Drake, Dave – The Slave Potter

Dave Drake, the Slave Potter

The potter known as Dave the Slave was born circa 1800 in an area devoted to pottery making. The Edgefield District of South Carolina had the clay, workforce and demand to make it the area’s pottery capital. Large pottery factories dotted the district, most operating with slave labor. Their products were essential to life on the early to mid-19th century plantation where pottery served as refrigerator, Mason jar and [...] Click here to continue reading.


Timmerman Pottery

Shimuel Timmerman, potter

Shimuel was a man of the times. He was a Justice of the Peace, fought in the Creek Indian War, and was a Confederate soldier. His only sibling, John, died as a POW at Camp Douglas, Illinois. His two sons continued to run the business after their father passed on. He is buried at the Wayfare Primitive Baptist Cemetery, Cow Creek, Echols County, Georgia. (Information provided to p4A by a granddaughter [...] Click here to continue reading.


Rich, Prosper

Prosper Rich

Ohio potter Prosper Rich produced stoneware products at New Castle (originally named West Liberty, later Caldersburg, and then New Castle, in Coshocton County), in the late 1850′s. He moved a pottery operation to Roscoe Village (also Coshocton County) in the 1860′s. He purchased this Roscoe Village property from George Bagnall about 1869. Rich purchased additional local property in 1870 and 1871. Caroline (Kate) Rich, Prosper and Melissa Rich’s daughter, married G. A. [...] Click here to continue reading.


Solomon Purdy and Sons – Ohio Stoneware Potters

Solomon Purdy, Ohio Potter

Solomon Purdy began potting circa 1820 in Putnam, Ohio, where he made utilitarian and slip decorated redware as well as roofing tiles. He lived for a time in the German community of Zoar, circa 1820 to 1850, before returning to Atwater, Ohio in 1850, where his son Gordon was potting stoneware circa 1850 to 1870.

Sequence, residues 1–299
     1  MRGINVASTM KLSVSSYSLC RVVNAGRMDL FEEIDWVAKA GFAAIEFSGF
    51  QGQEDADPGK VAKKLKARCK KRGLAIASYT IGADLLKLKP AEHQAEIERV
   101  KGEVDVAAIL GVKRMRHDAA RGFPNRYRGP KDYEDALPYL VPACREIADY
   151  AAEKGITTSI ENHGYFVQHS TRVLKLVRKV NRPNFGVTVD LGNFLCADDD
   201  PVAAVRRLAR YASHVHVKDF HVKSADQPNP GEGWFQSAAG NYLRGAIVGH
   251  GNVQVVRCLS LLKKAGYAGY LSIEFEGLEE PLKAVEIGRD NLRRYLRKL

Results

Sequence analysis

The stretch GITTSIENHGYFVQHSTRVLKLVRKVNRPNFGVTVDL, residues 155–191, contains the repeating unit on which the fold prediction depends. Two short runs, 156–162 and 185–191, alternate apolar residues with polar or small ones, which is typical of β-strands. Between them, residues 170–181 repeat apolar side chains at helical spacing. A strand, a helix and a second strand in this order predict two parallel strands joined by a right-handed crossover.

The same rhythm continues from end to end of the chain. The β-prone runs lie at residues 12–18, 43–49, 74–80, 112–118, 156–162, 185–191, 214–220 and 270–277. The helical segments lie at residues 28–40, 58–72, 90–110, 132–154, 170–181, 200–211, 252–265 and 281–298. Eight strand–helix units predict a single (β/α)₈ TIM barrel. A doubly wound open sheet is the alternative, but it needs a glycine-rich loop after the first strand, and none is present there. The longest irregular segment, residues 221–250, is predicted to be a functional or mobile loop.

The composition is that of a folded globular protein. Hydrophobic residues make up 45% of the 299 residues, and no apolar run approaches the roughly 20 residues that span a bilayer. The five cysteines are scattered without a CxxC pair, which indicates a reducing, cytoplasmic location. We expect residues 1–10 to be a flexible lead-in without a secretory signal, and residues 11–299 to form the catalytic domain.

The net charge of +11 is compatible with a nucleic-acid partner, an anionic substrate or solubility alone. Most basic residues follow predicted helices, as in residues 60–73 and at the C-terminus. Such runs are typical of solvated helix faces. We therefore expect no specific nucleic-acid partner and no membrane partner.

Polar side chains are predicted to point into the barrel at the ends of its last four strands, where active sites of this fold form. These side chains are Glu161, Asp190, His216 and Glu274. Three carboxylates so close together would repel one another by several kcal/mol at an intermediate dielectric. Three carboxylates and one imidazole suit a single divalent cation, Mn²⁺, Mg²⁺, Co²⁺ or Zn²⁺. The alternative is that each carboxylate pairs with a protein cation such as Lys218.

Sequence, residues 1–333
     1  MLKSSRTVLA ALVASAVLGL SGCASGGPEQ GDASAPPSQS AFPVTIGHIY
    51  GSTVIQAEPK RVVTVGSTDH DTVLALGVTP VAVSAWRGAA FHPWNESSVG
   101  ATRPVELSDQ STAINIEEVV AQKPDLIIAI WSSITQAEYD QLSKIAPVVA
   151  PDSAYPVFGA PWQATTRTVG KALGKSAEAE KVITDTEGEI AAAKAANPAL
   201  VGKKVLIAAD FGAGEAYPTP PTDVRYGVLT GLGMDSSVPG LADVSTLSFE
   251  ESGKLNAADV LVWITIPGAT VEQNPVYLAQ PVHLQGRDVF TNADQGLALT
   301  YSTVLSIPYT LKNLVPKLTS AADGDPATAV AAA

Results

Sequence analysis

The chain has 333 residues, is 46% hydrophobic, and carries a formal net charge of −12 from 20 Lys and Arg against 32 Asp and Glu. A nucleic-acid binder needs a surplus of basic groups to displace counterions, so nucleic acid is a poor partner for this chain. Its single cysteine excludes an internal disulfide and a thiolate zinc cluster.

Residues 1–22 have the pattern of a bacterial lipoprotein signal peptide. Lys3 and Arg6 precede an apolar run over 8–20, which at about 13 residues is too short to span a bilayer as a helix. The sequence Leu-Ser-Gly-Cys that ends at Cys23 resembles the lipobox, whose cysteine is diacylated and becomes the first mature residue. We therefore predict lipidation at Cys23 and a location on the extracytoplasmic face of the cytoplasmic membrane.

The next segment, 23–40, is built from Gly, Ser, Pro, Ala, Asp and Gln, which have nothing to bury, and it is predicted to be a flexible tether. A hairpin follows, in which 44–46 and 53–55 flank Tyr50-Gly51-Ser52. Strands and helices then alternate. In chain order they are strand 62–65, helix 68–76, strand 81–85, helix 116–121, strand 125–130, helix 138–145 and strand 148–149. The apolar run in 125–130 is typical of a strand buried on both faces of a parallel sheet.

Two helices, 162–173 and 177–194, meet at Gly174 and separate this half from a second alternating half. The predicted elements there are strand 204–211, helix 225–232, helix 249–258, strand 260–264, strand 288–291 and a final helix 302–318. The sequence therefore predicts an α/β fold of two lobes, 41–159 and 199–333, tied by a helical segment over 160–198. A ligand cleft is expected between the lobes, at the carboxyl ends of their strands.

Solomon Purdy’s stoneware is variously marked “S. Purdy Zoar”, “S. Purdy Atwater” as well as [...] Click here to continue reading.


Jim Murphy

James Murphy

James L. [Jim] Murphy (1941 to 2012) of Grove City, Ohio passed away on Oct. 8, 2012. Murphy published widely in the field of archeology and in 2008 was awarded a Lifetime Achievement Award from the Archeological Society of Ohio. He was known to Ohio collectors as one of the state’s foremost experts on the topic of Ohio pottery. He was also an avid collector who was always willing to share his [...] Click here to continue reading.


Ballard Family Potteries

Ballard Family Potteries

In 1854 the three Ballard brothers of Burlington, Vermont, Orrin L, Alfred K, and Hiram N. took over the old Thompson & Co. pottery in Gardiner, Maine. They operated the Gardiner facility for about a year and produced wares with the incised mark BALLARD & BROTHERS/GARDINER ME.

Following this experience, Orrin and Alfred moved to Portland, Maine, where in 1855 they established a pottery at 100 Green Street. The 1856 [...] Click here to continue reading.


Seagle School of Pottery

Daniel Seagle and Seagle School of Pottery

Daniel Seagle (1805 to 1867), a resident of Vale, North Carolina in the Catawba River Valley area, founded what has become known as the Seagle school of potters. About a half dozen potters are known to have apprenticed to Daniel, making their pots at his kiln. These apprentices include Daniel’s son, James Franklin “Frank” Seagle (1829 to 1892); Daniel Holly (1811 to 1899); John Goodman, Daniel’s son-in-law [...] Click here to continue reading.


Hormell, Nelson G

Nelson G. Hormell

A native of Western Pennsylvania, Nelson G. Hormell (1832 to 1902) was a potter who moved to the village of Newport in Tuscarawas County, Ohio in the 1860′s. By the 1870′s he was producing utilitarian stoneware there, either by himself or in partnership with William Smythe.

Hormell stoneware is most often marked in a cobalt script. When working alone, Hormell signed his wares N. G. Hormell; in partnership the wares are [...] Click here to continue reading.


Woodruff, M. & Co. – Stoneware Pottery – New York

M. Woodruff & Co.

Madison Woodruff operated a pottery in Cortland, New York from 1849 to 1870. His wares included stoneware crocks, jugs and flasks. Three marks are known from his pottery: M. WOODRUFF/CORTLAND; M. WOODRUFF & CO/CORTLAND, and CORTLAND.


Norton, Frank B – Pottery

Frank B. Norton Pottery

The F.B. Norton Pottery was operated in Worcester, Massachusetts from 1858 to 1894 by Franklin (Frank) B. Norton in association with Frederick Hancock. It is thought that Frank probably learned the pottery craft from his uncle, Luman Norton, who operated the Norton Pottery in Bennington, Vermont.

Frank’s Norton Pottery made utilitarian stoneware, including crocks, churns, jugs, jars, pots and similar wares. From 1858 to 1876 the firm operated as F.B. [...] Click here to continue reading.


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